SWFPA Chief Mike Park OBE says that the UK could not rollover to Norwegian demands in the bilateral fisheries negotiations
The breakdown in the UK/Norway fisheries negotiations will cause hardship in 2021 for the Scottish whitefish fleet but SWFPA Chief Mike Park OBE believes that the UK needs to stick to the principles of why Scottish fishermen backed Brexit.
Yesterday, it was announced that the Norwegians had broken off negotiations with the UK over a bilateral fishery deal with the Norwegian Minister for Fisheries, Odd Emil Ingebrigtsen claiming “It has proved very difficult to reach an agreement with the United Kingdom on zone access and quota exchange for 2021,” and saying that both sides views were too far apart to reach an agreement.
The UK has failed to reach fisheries agreements with the Faroe Islands, Iceland and Greenland in 2021. Arctic cod does not affect the Scottish fleet, but it will have consequences for the English distant-waters fleet who operate in Arctic waters of Norway, Iceland and Greenland.
The main driving factor behind the UK’s failure to reach a concord with these coastal states is the drive for the UK to assert its independence status since leaving the European Union at the end of 2020.
Though not reaching an agreement with Norway is a blow and may have consequences, Mike Park believes that the Scottish whitefish fleet will hopefully not suffer long-term impacts.
“It’s extremely disappointing because about this time of year we normally have around 60 vessels operating in the Norwegian area. They don’t operate there on a permanent basis but a number of them do operate there steadily for probably four or five months in the year,” Mike told the Fishing Daily. “The benefit is that there will not be Norwegian vessels operating in UK waters which could probably free up some fish.”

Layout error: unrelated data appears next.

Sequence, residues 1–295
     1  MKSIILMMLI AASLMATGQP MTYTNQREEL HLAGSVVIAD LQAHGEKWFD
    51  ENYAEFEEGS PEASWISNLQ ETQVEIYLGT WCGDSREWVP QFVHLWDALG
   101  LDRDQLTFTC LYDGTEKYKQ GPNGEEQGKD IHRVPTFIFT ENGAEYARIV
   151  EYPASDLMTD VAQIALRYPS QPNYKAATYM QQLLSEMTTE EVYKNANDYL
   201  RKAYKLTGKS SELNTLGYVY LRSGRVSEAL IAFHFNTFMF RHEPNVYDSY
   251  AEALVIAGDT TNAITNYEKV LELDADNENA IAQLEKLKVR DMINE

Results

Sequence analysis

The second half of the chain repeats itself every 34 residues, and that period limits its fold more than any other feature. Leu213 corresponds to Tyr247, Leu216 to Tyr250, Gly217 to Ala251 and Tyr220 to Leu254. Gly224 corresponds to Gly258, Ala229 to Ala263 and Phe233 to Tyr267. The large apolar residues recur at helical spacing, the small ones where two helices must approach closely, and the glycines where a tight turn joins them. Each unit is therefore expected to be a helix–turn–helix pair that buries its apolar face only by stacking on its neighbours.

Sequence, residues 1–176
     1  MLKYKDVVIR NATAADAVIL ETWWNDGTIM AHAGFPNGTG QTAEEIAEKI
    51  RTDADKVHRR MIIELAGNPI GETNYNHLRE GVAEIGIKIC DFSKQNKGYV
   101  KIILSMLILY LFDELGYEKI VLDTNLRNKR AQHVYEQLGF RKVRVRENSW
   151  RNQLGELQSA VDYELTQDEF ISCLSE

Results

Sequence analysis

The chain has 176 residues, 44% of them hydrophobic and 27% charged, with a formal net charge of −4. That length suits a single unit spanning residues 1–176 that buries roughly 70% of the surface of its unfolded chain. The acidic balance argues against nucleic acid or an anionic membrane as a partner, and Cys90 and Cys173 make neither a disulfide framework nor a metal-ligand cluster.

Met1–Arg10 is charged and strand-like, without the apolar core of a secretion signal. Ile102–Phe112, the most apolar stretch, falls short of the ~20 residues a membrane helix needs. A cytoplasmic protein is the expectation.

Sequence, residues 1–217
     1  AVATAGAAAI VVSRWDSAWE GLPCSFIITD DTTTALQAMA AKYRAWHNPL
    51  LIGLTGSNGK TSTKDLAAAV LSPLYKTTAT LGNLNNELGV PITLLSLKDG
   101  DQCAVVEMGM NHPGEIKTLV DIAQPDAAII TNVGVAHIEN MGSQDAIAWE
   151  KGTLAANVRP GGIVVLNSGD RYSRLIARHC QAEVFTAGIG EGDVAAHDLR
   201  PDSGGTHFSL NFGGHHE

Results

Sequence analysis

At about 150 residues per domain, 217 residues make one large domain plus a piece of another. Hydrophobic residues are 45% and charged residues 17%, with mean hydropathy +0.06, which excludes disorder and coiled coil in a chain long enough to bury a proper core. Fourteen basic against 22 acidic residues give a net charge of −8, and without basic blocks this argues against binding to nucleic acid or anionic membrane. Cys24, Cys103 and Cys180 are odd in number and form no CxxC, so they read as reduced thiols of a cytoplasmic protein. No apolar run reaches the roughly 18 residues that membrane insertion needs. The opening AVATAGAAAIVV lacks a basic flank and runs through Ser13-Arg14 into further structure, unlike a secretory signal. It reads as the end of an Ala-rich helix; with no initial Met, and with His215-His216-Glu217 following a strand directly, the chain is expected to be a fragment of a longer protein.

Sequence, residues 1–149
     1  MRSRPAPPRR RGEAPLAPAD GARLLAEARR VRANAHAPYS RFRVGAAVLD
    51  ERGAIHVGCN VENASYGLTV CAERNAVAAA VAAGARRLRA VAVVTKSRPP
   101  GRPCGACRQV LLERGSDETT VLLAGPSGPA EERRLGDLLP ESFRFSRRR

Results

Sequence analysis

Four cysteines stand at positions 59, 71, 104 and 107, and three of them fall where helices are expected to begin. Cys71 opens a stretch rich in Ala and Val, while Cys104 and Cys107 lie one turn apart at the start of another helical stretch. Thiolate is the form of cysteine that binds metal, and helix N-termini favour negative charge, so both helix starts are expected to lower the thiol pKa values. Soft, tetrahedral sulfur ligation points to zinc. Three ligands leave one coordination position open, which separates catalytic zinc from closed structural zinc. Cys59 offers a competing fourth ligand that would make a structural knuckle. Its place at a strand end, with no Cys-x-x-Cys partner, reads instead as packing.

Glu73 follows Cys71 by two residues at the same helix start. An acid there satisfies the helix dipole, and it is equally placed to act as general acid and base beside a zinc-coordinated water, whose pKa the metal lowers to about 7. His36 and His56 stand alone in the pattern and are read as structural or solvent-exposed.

Whereas a deal would have been welcomed, Mike believes that the UK had to take a stand to protect its interests as a new independent coastal state.
“It would be nice to have an agreement in place because our boats were looking forward to getting back fishing in the Norwegian zone but like everything else, the principles that we stood on for Brexit was about, “we will determine who comes into waters, for how long and how much it will cost them”.
“It’s very difficult to be giving up on that principle in year one, but it was what the UK was being asked to do.”
Responding to a comment from Audum Marak of Fiskbat, a Norwegian fisheries organisation, who claimed that “Britain is shooting itself in the foot”, Mike believes that such comments are disrespectful.
“No doubt there are some negatives,” says Mike. “This is the outcome of a negotiation where it was difficult to push forward because the other party was just well, not willing to deal. When they stated upfront, “We are not willing to pay for access”. You gave it to the EU for nothing we are paying for it”. So, when you adopt a principle like that, it makes negotiating a deal very difficult for the UK.”
Not having an agreement in place with Norway is not the end of the world but Mike is realistic about the rest of the year.
“We will still catch our fish, albeit more difficult and it will be less efficient. I know there will be some displacement suffered but you know in year one of a new dynamic as a new coastal state it was going to be difficult, but the UK could just not rollover.”
by Oliver McBride